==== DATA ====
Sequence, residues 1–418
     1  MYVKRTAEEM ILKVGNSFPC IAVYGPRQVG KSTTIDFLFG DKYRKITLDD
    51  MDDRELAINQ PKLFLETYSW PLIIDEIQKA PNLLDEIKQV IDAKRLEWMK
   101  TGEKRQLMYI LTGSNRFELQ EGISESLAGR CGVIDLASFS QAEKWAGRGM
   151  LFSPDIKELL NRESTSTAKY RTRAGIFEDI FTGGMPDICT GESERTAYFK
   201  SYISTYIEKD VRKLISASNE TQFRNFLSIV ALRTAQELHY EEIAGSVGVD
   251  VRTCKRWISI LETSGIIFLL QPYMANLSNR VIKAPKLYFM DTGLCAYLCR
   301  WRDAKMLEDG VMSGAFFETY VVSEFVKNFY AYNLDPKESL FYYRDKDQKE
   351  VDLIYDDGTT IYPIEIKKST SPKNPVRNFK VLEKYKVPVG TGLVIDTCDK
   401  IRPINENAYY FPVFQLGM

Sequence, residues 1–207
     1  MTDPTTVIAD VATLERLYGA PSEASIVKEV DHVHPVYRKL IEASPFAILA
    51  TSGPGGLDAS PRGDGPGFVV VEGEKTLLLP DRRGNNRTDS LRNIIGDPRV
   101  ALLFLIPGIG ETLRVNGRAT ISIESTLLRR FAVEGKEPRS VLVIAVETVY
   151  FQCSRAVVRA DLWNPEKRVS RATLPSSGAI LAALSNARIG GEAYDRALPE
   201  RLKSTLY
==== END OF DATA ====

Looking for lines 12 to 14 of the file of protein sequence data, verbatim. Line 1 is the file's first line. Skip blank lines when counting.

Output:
     1  MTDPTTVIAD VATLERLYGA PSEASIVKEV DHVHPVYRKL IEASPFAILA
    51  TSGPGGLDAS PRGDGPGFVV VEGEKTLLLP DRRGNNRTDS LRNIIGDPRV
   101  ALLFLIPGIG ETLRVNGRAT ISIESTLLRR FAVEGKEPRS VLVIAVETVY